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Thursday, March 15, 2012

South Park does 'Reverse Cowgirl'

Comedy Central's South Park begins its sixteenth season last night with "Reverse Cowgirl." Clyde's (Trey Parker) mother is killed after Clyde leaves the toilet seat up. The men and women of South Park bicker over whose job it is to make sure that the toilet seat is down. The TSA comes to town and begins regulating all bathroom usage to prevent another such occurrence. Upset, Clyde goes with his friends to meet an attorney, who suggests holding a "sue-ance" to sue the spirit of the inventor of the toilet, who died in the 17th century. Surprisingly, his spirit does appear, and sets the residents straight on the issue.

While South Park is often known for tackling current events or contentious societal issues, it's the smaller, simpler episodes, dealing with the trivial that often hold up best over time. The matter of whether men should put the toilet seat up or down falls into the latter category. It's a universal battle that everyone can relate to, but the fact of the matter is, it really doesn't matter all that much. Which is why South Park blows it way out of proportion in "Reverse Cowgirl," making a story that fills half an hour.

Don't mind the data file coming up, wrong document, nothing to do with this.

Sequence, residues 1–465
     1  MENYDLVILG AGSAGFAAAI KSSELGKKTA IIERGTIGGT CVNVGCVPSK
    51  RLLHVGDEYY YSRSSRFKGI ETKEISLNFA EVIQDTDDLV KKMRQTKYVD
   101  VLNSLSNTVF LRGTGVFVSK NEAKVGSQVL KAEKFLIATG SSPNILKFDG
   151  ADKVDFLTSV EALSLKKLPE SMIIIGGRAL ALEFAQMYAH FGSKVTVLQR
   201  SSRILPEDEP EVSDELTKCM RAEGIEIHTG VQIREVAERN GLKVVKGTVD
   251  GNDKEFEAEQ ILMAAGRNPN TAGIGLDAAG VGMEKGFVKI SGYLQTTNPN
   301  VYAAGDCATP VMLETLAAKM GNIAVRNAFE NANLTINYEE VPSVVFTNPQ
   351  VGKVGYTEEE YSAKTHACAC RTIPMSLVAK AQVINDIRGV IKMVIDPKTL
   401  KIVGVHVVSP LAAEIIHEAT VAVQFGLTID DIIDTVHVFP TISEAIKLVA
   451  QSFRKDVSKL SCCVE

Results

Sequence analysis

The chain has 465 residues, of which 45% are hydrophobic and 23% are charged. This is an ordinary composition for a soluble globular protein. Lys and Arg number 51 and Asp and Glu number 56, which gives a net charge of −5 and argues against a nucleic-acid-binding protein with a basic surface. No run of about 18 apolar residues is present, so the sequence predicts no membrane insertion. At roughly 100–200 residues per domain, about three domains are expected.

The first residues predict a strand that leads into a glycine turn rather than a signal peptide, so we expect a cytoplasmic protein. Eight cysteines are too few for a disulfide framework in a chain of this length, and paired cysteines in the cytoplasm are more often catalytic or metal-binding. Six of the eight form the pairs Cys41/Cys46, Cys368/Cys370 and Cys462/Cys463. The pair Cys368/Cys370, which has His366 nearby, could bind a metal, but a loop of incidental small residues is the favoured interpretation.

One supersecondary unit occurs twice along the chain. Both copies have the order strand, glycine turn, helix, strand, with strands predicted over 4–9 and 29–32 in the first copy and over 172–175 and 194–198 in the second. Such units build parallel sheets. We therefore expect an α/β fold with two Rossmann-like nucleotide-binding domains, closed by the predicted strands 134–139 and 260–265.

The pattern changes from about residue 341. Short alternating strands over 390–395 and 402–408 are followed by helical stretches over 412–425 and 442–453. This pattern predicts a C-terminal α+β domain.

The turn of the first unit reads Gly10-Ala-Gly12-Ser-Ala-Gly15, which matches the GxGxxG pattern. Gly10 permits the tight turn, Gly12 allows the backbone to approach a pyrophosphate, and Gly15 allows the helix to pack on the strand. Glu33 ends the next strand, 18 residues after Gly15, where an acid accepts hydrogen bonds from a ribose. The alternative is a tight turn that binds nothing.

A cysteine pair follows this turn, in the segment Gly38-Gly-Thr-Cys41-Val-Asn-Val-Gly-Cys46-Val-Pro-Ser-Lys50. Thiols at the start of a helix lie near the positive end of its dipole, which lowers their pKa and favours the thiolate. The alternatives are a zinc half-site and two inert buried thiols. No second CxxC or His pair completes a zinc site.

Of course, South Park can't resist throwing in a second part to this tale, merging an age old debate with something on people's minds nowadays: the overreach of the TSA. While the letters stand for something different in "Reverse Cowgirl" than they do in reality, and this fictional TSA's actions seem over the top in the face of such a minor infraction, it's meant to shine a light on the real TSA's airport security procedures. How much is too much? South Park may not take a political stance overtly, but it's clear that they think the TSA needs to be toned down. And who can blame them? However, in dealing with humor at the expense of a factual argument, it becomes an amusing side story, rather than a real discussion or biting satire.

South Park is primarily a comedy, and "Reverse Cowgirl" has its share of funny moments. Butters (Matt Stone) insists on sitting on the toilet backwards, which leads to the episode's title, and though lampooned by his neighbors, his theory is backed up by the spirit of the inventor. Cartman (Parker) gossips shamelessly on the phone while eating candy and clipping his nails, telling exaggerated stories to those who were present for the events. Randy (Parker) is given a ticket for not wearing a seat belt in the bathroom of his own home. These are all very humorous, and make "Reverse Cowgirl" a winner.

"Reverse Cowgirl" may not go down as one of the best South Park episodes of all time, but a fan would be hard-pressed to say it wasn't good. It's a serviceable entry in the library of episodes, and one that did the job it is supposed to do.

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